40 ft cruising cat design. First steps.

Discussion in 'Multihulls' started by bscatam, Mar 28, 2016.

  1. Emerson White
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    Emerson White Junior Member

    It is a measure, it's not the only measure. Ballast percentage is a measure of weight distribution but there is a huge difference between the COG of a boat with 10 tons of lead in a bulb on the end of a long fin keel and a boat with 10 tons of concrete in the belly below the floorboards.

    You can move volume out fore and aft without changing the Cp, but there is a limit to how much you can do that before you start to make the hull really bizarre.
     
  2. bscatam
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    bscatam Junior Member

    For cruising cats Cp = 0,57-0,60 is good. As to weight \structure. I think its OK. At least on my spreadsheet of materials and and equipment weight.
     
  3. Emerson White
    Joined: Aug 2012
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    Emerson White Junior Member

    My understanding (which may be flawed) was that cruising cats could get away with a lower Cp because the additional displacement for length made them less tender. If you are designing a lightweight cruising cat this might be something to consider.
     
  4. valery gaulin
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    valery gaulin Junior Member

    I am with UpOnStands with explanation. Exactly what i have understood while reading about prismatic coefficient.
     
  5. TeddyDiver
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    TeddyDiver Gollywobbler

    Water-plane coefficient is a better measure what comes to hull form vs pitching IMHO.
     
  6. DennisRB
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    DennisRB Senior Member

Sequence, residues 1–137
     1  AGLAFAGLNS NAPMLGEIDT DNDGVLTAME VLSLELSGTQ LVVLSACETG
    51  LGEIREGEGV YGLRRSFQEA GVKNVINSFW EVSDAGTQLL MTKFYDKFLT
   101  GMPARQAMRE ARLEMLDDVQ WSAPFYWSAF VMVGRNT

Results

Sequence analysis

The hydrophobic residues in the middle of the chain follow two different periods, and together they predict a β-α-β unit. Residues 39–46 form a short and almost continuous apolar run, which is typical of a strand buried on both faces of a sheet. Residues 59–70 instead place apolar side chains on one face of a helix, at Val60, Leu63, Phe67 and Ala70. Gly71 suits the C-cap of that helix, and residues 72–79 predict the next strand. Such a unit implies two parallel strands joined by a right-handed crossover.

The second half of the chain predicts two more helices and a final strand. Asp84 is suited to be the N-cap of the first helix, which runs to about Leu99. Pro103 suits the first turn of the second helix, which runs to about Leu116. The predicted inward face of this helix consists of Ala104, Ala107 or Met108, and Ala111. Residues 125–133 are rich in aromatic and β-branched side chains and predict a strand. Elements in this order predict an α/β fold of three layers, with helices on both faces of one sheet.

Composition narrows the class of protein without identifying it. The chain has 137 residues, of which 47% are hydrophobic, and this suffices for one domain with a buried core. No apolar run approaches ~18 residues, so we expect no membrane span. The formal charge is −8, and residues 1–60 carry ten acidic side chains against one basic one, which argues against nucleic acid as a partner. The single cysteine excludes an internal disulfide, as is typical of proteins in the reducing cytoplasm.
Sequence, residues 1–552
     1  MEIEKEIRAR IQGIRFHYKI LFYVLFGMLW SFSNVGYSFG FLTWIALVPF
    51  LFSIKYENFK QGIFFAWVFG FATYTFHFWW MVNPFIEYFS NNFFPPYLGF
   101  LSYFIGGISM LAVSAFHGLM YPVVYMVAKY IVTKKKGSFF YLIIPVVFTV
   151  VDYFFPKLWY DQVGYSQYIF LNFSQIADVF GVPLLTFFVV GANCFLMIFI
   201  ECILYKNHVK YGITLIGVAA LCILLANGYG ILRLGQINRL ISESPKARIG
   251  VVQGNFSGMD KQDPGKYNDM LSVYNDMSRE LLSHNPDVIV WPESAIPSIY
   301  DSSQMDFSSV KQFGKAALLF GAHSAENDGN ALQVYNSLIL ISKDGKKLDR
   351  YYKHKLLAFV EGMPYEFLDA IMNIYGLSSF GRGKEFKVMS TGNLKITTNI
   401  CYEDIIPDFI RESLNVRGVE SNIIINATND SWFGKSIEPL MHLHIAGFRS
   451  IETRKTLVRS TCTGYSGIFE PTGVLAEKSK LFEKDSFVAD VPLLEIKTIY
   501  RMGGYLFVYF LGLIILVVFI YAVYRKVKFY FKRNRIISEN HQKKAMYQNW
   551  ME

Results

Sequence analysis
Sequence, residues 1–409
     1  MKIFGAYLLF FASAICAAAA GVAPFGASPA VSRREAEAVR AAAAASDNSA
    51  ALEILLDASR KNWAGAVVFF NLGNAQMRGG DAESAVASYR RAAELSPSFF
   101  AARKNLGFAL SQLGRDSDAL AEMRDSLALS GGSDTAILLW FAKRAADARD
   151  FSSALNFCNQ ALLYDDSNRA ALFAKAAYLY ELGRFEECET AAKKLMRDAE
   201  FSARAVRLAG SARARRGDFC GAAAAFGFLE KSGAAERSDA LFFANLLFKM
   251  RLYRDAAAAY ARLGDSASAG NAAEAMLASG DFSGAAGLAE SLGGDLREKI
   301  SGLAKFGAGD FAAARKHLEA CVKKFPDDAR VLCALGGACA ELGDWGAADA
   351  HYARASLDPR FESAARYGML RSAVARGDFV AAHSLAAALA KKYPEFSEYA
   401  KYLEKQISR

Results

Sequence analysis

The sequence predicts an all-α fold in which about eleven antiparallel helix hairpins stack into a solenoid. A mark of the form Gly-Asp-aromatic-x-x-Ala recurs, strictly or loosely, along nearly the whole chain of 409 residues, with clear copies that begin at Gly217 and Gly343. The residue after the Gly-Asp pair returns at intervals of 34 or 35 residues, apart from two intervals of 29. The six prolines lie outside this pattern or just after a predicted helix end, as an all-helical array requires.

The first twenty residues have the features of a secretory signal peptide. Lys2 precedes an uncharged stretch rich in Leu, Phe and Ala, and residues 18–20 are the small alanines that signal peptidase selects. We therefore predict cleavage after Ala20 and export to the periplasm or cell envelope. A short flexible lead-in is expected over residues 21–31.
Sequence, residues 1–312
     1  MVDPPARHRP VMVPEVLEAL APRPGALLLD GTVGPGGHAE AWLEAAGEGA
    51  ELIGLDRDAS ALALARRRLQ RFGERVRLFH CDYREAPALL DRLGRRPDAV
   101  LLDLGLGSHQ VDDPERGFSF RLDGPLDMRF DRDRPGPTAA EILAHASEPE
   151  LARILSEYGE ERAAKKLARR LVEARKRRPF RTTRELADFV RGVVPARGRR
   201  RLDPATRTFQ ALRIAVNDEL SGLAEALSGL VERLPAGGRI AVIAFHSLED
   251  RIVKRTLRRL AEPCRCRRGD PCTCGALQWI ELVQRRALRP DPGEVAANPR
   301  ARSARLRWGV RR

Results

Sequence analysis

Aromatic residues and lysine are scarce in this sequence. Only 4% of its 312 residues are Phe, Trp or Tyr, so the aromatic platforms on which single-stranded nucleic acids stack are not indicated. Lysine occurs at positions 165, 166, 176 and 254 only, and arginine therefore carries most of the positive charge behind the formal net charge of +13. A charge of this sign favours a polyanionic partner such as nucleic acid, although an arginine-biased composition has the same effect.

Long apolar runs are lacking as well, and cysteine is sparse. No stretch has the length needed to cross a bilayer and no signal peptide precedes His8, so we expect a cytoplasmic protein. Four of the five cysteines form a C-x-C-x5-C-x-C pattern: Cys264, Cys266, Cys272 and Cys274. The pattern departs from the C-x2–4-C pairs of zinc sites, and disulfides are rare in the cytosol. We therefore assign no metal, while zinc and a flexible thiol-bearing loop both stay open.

Yes well imagine the bows of 2 different but similar hulls with the same Cp. One gains its Cp by having a narrow waterline and deep forefoot, the other hull has wider waterline at the bow (higher water plane coefficient) but shallow forefoot. Both hulls displace the same at the bow, but one gains the displacement by being wide, one by being deep. The narrow one will cut through waves better and likely have a smaller bow wave. But its smaller waterplane will mean its resistance to hobby horsing will be worse. But then again being able to slice through waves will mean less moment to initiate hobbyhorsing to begin with?
     
  7. DennisRB
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    DennisRB Senior Member

    After seeing the cross section I believe a flat or much flatter roof will be better and doable for the sake of steering cables. Surely such a high windage an FP looking cabin top seems a questionable design compromise just so your planned steering mech works. IMO the steering system needs to be looked at if a huge sloping roof is the concession that needs to be made to accommodate it.

    A large flat cabin top will be a nice lounging area with cushions sometimes. I certainly hung out on the flat cabin top of my last cat to enjoy the 360 view with a beer in a beautiful anchorage.
     
  8. bscatam
    Joined: Mar 2016
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    bscatam Junior Member

    Layout.

    Layout.
     

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  9. bscatam
    Joined: Mar 2016
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    bscatam Junior Member

    Steering

    Double steering station setup. Conduit and open wire Combination. Rudder synchronisation with aluminium rod.
     

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  10. UpOnStands
    Joined: Nov 2015
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    UpOnStands Senior Member

    just saw this on the new TAG 50
    twin aft helms but the helmsman sits side on - certainly cannot complain about sight lines up the hull sides. Not sure I like the immediate step down to get to the winches.
    edit: its likely that the passerelle and swim ladder flip completely over to fill in the gaps while sailing.
    Port side passerelle and starboard side swim ladder
    They say the rudders are liftable - trying to find more detail.
    (originally posted in wrong thread)
     

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  11. bscatam
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    bscatam Junior Member

    Steering assembly

    Steering assembly left station.
     

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  12. bscatam
    Joined: Mar 2016
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    bscatam Junior Member

    Final design

    Final design renderings.
     

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